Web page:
It is. However, we are the party of evidence. When you look at the pilots around the globe that are happening, what’s interesting is that there’s a consistency in the results. We’re consistently seeing that revenues from businesses that adopt a four-day workweek either stay the same or go up. In the last report from the North American pilot, revenues went up and so did employee retention and satisfaction. In a lot of cases, costs can go down. The biggest hurdle to recognizing that we can reshape the workweek is really our imagination. I think that with these consistent results coming back from four-day workweek pilots, we’re continuing to push for the B.C. government to put in place incentives to businesses that want to embark on a pilot here in B.C. What we proposed back in the spring was a tax-break incentive to businesses willing to put this in place. And in exchange for the tax break, they’d provide the data on specific aspects of the pilot. It’ll be part of our 2024 platform.

Speaking of which, what would a positive outcome from this year’s election look like for your party? What do you hope for?

There was a recent piece in the Globe and Mail about how Green voters across Canada should be disappointed by the fact that they’re so underrepresented. Eighteen percent of the vote in B.C. only results in three or four of the seats in the legislature. A positive result would be that we have a representation in the legislature that more closely matches the percent of support we have in B.C. And I think a lot of people in B.C. recognize that there were benefits during the three-and-a-half years we had in a minority government. For the times we’re in and the challenges we’re facing, we need governments to be much more focused on a collaborative and consensus-building approach to governing. We could have, for example, regional caucuses in the B.C. legislature, made up of people from different parties. You look at the wildfire situation—if you had the MLAs from the Interior, regardless of what party they’re in, working together with ministry staff, they would bring an understanding of their communities and areas that would benefit the decision-making that’s happening in the legislature, right? We’re not stuck in this long-standing view of B.C. politics, which has largely been a two-party system with an adversarial approach. When you actually orient your work in the legislature toward more cooperation and more cross-party work, you get better results for the people we are there to serve.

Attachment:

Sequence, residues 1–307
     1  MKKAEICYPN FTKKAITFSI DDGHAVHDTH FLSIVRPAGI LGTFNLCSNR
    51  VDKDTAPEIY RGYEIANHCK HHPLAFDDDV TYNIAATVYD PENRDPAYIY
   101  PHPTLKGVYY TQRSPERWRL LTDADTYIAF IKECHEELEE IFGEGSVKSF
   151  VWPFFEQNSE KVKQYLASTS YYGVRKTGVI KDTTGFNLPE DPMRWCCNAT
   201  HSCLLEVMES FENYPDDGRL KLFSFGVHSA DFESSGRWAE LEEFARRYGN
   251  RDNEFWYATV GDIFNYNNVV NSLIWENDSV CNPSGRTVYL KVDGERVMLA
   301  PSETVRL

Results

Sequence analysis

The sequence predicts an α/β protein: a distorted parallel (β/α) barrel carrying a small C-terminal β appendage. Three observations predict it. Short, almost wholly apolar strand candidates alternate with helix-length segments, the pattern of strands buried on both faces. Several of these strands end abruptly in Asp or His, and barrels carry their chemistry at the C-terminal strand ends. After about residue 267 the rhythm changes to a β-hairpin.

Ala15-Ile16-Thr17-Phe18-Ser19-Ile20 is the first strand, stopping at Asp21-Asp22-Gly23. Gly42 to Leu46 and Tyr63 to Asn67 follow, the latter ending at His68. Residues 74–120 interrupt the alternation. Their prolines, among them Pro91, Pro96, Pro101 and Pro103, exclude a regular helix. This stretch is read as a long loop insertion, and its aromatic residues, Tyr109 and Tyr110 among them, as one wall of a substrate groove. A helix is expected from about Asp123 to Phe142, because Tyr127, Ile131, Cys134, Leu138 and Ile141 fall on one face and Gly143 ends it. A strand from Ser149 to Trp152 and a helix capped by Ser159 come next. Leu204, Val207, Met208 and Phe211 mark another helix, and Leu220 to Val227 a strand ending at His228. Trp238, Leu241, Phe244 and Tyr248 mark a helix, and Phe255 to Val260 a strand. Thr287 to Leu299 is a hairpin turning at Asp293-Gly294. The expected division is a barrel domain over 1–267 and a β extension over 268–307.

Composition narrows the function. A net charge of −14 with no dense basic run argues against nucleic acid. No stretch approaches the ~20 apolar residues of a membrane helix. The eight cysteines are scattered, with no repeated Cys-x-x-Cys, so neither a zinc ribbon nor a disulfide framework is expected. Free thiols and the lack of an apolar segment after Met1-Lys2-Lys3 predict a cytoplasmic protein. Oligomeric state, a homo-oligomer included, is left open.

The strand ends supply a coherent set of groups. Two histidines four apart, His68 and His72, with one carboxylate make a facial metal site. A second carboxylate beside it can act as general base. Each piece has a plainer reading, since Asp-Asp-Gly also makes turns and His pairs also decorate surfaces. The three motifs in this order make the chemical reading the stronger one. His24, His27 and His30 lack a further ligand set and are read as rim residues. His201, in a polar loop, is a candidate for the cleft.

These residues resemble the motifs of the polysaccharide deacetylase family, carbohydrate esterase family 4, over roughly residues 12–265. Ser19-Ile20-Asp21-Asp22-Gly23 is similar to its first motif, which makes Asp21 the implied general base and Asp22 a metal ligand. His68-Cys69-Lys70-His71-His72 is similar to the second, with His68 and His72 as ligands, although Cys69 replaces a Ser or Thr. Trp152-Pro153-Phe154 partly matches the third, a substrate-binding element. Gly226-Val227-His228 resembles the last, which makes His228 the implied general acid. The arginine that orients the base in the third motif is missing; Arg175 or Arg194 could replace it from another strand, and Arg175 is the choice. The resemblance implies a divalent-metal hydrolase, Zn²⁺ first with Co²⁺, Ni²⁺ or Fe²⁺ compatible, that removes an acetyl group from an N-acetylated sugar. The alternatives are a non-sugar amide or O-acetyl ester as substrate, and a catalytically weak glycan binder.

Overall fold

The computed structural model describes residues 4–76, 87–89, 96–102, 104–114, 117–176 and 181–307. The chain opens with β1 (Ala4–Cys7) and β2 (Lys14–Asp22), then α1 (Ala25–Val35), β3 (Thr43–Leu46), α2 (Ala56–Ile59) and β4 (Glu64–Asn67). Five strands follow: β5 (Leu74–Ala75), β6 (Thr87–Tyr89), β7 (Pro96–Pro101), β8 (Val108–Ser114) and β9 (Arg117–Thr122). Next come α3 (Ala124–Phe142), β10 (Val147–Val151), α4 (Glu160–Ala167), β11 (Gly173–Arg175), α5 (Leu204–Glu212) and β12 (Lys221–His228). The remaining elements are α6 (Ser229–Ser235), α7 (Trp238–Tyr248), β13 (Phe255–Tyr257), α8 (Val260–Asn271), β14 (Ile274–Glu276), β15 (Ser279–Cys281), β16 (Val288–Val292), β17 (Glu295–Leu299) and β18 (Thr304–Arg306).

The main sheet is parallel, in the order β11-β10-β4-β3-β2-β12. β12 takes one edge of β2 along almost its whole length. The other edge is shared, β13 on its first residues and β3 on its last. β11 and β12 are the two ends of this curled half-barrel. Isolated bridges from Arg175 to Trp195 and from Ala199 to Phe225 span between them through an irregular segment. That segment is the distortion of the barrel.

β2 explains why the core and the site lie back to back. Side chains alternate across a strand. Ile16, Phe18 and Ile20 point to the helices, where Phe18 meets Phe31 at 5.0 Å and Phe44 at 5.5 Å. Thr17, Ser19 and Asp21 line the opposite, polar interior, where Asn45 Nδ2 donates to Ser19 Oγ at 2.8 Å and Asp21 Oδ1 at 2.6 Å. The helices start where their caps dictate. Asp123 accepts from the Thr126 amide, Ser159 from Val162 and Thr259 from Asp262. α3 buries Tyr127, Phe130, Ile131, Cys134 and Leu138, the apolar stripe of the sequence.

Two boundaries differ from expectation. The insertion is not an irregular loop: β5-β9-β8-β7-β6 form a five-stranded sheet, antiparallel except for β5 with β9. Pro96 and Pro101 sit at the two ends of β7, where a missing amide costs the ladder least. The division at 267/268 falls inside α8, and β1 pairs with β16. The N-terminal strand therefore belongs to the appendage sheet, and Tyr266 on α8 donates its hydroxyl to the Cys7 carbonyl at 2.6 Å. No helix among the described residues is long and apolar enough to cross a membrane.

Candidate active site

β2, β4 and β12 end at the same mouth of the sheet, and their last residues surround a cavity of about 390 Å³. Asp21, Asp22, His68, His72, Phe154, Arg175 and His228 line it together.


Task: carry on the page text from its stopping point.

How’s recruiting Green candidates going at the moment?

Well, we’re miles ahead of where we were in the last election, which was a kind of excitement I don’t want to repeat [laughs]. Our intention is to have candidates running in every riding in B.C. and to be presenting an alternative to BCers that is rooted in recognizing the reality we’re in and focused on solutions that solve more than one crisis at a time. We have to be connecting the dots between crises. We can’t just look at the housing crisis in isolation from our economic conditions, the health-care crisis isolated from climate change. Or the drug-poisoning crisis in isolation from the lack of access to mental health supports and counselling. All of these crises are interconnected. We need to have an approach to government that is looking at those connections and solving more than one thing at a time.

This interview has been edited and condensed.

Quick Hits

Pet peeve: Mayonnaise.

Hobby: Knitting.

Recent podcast/TV binge: Philosophize This podcast and The Morning Show.

Most memorable concert: Corey Hart at age 17 and 48—both times, baby.

If I had a superpower, it would be: I’m a historian, so time travel.

Favourite place in B.C.: Home.

Last book I read: Currently reading Astra Taylor’s Age of Insecurity—reflections on the moment we are in and how we can respond to it.